Author: Afa Dworkin

Afa Dworkin

Named one of Musical America’s Top 30 Influencers, one of the 20 Most Powerful Women in U.S. Music, Kennedy Center's Human Spirit Award Recipient and Detroit Crain’s 40 Under 40, Afa S. Dworkin is a musical thought leader and cross-sector strategist driving national programming that promotes diversity in classical music. She serves as President and Artistic Director of the Sphinx Organization, the nation’s leading organization transforming lives through the power of diversity in the arts. She serves as a trustee for the Detroit Symphony Orchestra, El Sistema USA, Creative Many Michigan and CultureSource. Ms. Dworkin has also delivered ongoing thought leadership through an extensive roster of speaking engagements, including International Arts & Ideas Festival, Independent Sector, Grantmakers in the Arts, Chamber Music America, ICSOM, and beyond. 

Articles

New World Symphony

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Some musicians may know of New World Symphony for its Orchestral Academy, which grants three-year orchestral appointments to recent graduates of music programs. But for me, New World is synonymous with the first few years of my career as an artist administrator, and they were one of the first orchestras to partner with Sphinx.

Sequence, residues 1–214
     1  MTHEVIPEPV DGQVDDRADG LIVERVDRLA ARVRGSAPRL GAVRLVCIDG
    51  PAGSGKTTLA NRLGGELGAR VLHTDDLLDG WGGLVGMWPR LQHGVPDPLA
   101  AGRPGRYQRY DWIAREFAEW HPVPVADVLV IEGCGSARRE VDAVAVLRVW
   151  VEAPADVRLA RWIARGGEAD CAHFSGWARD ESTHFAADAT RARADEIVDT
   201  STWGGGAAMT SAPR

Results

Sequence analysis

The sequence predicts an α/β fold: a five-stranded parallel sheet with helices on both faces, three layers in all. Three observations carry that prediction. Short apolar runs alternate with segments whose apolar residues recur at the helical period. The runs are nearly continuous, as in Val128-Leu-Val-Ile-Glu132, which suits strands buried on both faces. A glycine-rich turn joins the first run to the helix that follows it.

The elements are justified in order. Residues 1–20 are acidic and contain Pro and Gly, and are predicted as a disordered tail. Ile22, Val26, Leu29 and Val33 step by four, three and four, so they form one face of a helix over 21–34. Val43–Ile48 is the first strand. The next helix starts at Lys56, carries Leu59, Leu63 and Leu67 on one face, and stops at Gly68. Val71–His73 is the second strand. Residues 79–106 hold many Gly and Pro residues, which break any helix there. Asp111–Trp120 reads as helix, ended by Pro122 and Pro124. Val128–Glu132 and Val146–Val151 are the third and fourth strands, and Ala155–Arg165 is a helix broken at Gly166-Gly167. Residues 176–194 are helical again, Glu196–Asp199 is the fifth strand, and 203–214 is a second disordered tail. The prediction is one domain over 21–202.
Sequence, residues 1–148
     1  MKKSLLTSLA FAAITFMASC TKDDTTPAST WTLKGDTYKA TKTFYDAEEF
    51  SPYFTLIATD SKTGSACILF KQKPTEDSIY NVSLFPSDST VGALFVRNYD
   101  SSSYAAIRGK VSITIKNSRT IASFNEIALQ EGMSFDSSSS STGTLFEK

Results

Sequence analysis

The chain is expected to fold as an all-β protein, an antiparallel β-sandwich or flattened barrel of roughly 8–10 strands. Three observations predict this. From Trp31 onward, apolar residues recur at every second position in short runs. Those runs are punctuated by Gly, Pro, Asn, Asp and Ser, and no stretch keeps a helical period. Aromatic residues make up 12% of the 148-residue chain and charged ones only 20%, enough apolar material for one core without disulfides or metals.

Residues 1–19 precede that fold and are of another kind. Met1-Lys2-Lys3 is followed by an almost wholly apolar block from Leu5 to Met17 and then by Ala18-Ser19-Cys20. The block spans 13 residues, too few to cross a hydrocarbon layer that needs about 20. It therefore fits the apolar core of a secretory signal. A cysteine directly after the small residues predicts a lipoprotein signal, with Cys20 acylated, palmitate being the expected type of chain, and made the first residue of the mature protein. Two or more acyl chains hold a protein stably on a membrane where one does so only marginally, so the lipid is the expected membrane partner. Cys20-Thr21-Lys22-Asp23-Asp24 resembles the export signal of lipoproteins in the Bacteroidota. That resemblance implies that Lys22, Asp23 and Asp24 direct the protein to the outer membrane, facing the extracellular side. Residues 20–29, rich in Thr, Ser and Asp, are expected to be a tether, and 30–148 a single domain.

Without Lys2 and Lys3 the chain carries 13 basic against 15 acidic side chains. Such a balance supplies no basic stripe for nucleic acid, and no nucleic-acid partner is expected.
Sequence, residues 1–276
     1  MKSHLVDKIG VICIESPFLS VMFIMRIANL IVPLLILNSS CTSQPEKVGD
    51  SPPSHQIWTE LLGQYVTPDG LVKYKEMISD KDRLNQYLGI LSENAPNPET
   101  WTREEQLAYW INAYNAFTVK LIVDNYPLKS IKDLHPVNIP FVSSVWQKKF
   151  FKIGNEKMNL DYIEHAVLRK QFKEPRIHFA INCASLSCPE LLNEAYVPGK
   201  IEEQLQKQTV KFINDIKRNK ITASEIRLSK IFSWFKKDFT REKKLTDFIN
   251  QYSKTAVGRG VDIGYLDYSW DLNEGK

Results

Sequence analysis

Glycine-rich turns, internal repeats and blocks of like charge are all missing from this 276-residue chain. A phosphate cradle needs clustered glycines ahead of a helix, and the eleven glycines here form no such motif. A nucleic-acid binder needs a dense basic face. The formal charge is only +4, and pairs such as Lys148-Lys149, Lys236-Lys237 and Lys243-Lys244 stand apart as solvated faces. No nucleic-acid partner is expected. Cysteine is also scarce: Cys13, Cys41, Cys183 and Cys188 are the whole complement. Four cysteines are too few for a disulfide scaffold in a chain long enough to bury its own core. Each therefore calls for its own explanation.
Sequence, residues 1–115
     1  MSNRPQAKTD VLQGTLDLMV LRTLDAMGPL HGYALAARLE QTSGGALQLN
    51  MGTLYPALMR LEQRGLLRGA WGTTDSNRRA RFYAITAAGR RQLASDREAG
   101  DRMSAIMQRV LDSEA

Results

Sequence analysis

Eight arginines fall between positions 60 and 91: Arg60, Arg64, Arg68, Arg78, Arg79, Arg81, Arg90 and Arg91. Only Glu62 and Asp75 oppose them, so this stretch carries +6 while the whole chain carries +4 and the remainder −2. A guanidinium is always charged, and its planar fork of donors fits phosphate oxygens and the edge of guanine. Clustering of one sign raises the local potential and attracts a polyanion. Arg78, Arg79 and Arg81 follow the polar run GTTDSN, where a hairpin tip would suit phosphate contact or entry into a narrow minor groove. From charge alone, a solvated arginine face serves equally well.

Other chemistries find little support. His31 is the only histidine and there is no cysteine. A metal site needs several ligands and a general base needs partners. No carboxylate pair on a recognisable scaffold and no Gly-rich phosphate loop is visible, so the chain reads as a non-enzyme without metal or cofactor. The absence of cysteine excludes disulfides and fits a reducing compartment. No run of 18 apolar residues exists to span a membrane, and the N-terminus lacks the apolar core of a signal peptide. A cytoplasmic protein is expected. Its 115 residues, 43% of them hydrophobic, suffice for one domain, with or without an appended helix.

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Daniel Bernard Roumain

Daniel Bernard Roumain 0

I think Daniel Bernard Roumain is one of the most important American composers living today. His music is ever-evolving – including everything from signature pieces for electric violin and synthesized sounds to his works for string orchestra and string quartet – which are largely lyrical and usually have historical or social justice tie-ins.

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Kelly Hall-Tompkins

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Kelly Hall-Tompkins is not just a tireless artist – she’s also someone who pushes the boundaries of what excellence means. Hall-Tompkins has both served as concertmaster for the Sphinx Symphony a number of times and acted as a juror for the Sphinx competition.

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“Tree­monisha”

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Treemonisha” is a wild reimagination of an un-staged opera by Scott Joplin about a woman who becomes a post-Civil War leader among her community. It’s also wild in terms of musical expression and the fact that, though the original “Treemonisha” was written in 1911 and never saw a production, it’s still extremely relevant today.

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